Figure 2.a illustrates the time series data as a stream consisting of pairs of measurements (values) and time stamps. Gorilla compresses this data stream into blocks, partitioned by time. After a simple header with an aligned time stamp (starting at 2 am, in this example) and storing the first value in a less compressed format, Figure 2.b shows that timestamps are compressed using delta-of-delta compression, described in more detail in Section 4.1.1. As shown in Figure 2.b the time stamp delta of delta is −2. This is stored with a two bit header (‘10’), and the value is stored in seven bits, for a total size of just 9 bits. Figure 2.c shows floating-point values are compressed using XOR compression, described in more detail in Section 4.1.2. By XORing the floating point value with the previous value, we find that there is only a single meaningful bit in the XOR. This is then encoded with a two bit header (‘11’), encoding that there are eleven leading zeros, a single meaningful bit, and the actual value (‘1’). This is stored in fourteen total bits.
Figure 3: Distribution of time stamp compression across different ranged buckets. Taken from a sample of 440, 000 real time stamps in Gorilla.
We analyzed the time series data stored in ODS so we could optimize the compression scheme implemented in Gorilla. We noticed that the vast majority of ODS data points arrived at a fixed interval. For instance, it is common for a time series to log a single point every 60 seconds. Occasionally, the point may have a time stamp that is 1 second early or late, but the window is usually constrained.
Rather than storing timestamps in their entirety, we store an efficient delta of deltas. If the delta between time stamps for subsequent data points in a time series are 60, 60, 59 and 61 respectively, the delta of deltas is computed by subtracting the current time stamp value from the previous one which gives us 0, -1 and 2. An example of how this works is shown in Figure 2.
We next encode the delta of deltas using variable length encoding with the following algorithm:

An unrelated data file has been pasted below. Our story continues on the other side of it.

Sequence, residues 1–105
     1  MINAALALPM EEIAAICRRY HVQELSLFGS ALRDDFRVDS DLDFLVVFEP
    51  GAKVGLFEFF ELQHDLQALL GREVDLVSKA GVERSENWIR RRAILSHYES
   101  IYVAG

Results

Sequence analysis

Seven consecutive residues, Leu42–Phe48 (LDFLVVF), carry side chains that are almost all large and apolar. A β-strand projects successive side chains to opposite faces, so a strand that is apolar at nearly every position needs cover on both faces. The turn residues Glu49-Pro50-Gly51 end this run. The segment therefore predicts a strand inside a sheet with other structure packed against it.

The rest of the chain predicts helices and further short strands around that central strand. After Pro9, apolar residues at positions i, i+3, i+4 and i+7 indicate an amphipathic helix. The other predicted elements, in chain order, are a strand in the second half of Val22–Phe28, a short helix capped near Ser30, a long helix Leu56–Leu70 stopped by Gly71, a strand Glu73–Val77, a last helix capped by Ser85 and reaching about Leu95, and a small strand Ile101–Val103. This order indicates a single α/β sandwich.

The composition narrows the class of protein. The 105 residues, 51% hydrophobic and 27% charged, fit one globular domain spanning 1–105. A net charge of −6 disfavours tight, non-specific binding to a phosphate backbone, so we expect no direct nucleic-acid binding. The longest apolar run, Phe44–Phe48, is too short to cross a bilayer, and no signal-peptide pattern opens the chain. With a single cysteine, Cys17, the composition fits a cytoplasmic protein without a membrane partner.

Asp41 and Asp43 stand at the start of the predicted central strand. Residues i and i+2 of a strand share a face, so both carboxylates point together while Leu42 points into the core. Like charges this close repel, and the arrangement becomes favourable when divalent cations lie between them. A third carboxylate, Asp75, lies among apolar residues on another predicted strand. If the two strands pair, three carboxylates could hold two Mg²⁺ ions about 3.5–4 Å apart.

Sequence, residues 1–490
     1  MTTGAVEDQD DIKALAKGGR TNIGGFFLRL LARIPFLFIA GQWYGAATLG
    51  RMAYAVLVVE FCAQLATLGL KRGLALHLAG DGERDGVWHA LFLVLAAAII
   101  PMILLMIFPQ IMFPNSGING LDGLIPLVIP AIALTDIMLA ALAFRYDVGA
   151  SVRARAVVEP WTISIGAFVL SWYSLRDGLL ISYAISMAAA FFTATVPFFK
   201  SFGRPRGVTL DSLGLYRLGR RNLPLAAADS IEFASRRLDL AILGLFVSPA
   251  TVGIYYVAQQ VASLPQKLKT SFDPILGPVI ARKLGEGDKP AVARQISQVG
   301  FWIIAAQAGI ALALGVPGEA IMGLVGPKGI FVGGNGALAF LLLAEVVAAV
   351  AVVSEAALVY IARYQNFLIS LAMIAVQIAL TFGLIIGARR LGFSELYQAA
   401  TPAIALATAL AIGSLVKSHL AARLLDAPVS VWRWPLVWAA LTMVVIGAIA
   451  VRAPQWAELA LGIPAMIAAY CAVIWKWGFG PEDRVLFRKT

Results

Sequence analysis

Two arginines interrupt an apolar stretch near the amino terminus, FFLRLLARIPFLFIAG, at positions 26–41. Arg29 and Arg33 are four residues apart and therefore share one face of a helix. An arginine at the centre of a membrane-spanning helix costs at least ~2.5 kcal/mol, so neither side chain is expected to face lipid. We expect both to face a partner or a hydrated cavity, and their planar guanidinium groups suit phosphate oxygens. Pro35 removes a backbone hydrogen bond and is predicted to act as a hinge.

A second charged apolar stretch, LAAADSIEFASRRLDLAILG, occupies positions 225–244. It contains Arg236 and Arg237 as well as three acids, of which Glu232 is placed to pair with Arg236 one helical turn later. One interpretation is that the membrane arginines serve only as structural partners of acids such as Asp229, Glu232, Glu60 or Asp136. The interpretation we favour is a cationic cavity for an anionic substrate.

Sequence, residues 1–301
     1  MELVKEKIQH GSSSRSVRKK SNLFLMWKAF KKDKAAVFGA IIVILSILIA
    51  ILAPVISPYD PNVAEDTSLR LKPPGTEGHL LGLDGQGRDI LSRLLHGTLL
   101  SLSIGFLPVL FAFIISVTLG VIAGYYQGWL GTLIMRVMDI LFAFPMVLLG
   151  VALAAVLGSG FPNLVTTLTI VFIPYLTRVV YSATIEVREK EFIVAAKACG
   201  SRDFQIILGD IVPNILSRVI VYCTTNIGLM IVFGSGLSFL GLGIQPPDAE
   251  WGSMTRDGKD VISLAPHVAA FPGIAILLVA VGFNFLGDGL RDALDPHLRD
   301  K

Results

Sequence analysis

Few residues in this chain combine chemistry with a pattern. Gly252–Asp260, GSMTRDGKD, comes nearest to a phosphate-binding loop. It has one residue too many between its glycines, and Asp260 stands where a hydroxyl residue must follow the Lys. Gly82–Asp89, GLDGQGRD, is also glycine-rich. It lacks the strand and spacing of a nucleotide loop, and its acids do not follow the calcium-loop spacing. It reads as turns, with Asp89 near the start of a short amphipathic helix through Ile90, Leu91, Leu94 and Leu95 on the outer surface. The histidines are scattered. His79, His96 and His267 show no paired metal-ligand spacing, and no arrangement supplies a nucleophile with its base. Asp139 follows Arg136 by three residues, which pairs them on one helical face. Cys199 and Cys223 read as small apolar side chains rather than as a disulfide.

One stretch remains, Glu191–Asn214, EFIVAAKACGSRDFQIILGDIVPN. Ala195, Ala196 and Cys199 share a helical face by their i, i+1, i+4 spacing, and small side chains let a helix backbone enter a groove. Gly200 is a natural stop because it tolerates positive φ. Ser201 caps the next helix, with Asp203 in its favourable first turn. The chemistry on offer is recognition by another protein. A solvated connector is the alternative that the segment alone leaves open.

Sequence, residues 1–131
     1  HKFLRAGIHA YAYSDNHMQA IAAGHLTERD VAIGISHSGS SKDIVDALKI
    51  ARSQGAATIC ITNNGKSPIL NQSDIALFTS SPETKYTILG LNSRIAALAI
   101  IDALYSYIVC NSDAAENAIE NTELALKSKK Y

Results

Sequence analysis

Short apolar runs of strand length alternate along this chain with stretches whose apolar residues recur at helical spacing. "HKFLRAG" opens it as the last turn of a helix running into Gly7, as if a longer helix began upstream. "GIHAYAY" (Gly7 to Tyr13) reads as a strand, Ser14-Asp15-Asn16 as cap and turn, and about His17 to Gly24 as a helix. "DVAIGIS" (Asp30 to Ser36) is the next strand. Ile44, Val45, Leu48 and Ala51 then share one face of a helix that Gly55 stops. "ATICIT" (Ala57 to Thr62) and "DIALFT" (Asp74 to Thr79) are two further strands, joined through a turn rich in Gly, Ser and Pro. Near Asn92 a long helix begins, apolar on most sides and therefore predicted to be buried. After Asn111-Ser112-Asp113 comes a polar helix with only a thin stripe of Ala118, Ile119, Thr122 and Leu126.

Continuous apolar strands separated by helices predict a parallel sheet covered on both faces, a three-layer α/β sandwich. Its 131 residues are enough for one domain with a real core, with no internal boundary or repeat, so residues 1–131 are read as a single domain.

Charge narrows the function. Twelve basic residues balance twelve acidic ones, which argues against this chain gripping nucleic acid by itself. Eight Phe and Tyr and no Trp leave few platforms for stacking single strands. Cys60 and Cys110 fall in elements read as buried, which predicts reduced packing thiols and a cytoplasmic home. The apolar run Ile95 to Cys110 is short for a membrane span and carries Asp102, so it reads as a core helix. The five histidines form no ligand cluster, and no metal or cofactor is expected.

The block header stores the starting time stamp, t−1, which is aligned to a two hour window; the first time stamp, t0, in the block is stored as a delta from t−1 in 14 bits.
For subsequent time stamps, tn:
Calculate the delta of delta: D = (tn − t(n−1)) − (t(n−1) − t(n−2))
If D is zero, then store a single ‘0’ bit
If D is between [-63, 64], store ‘10’ followed by the value (7 bits)
If D is between [-255, 256], store ‘110’ followed by the value (9 bits)
If D is between [-2047, 2048], store ‘1110’ followed by the value (12 bits)
Otherwise store ‘1111’ followed by D using 32 bits
The limits for the different ranges were selected by sampling a set of real time series from the production system and selecting the ones that gave the best compression ratio. A time series might have data points missing but the existing points likely arrived at fixed intervals. For example if there’s one missing data point the deltas could be 60, 60, 121 and 59. The deltas of deltas would be 0, 61 and -62. Both 61 and -62 fit inside the smallest range and fewer bits can be used to encode these values. The next smallest range [-255, 256] is useful because a lot of the data points come in every 4 minutes and a single data point missing still uses that range.
Figure 4: Visualizing how XOR with the previous value often has leading and trailing zeros, and for many series, non-zero elements are clustered.
Figure 3 show the results of time stamp compression in Gorilla. We have found that about 96% of all time stamps can be compressed to a single bit.
In addition to the time stamp compression, Gorilla also compresses data values. Gorilla restricts the value element in its tuple to a double floating point type. We use a compression scheme similar to existing floating point compression algorithms, like the ones described in  and .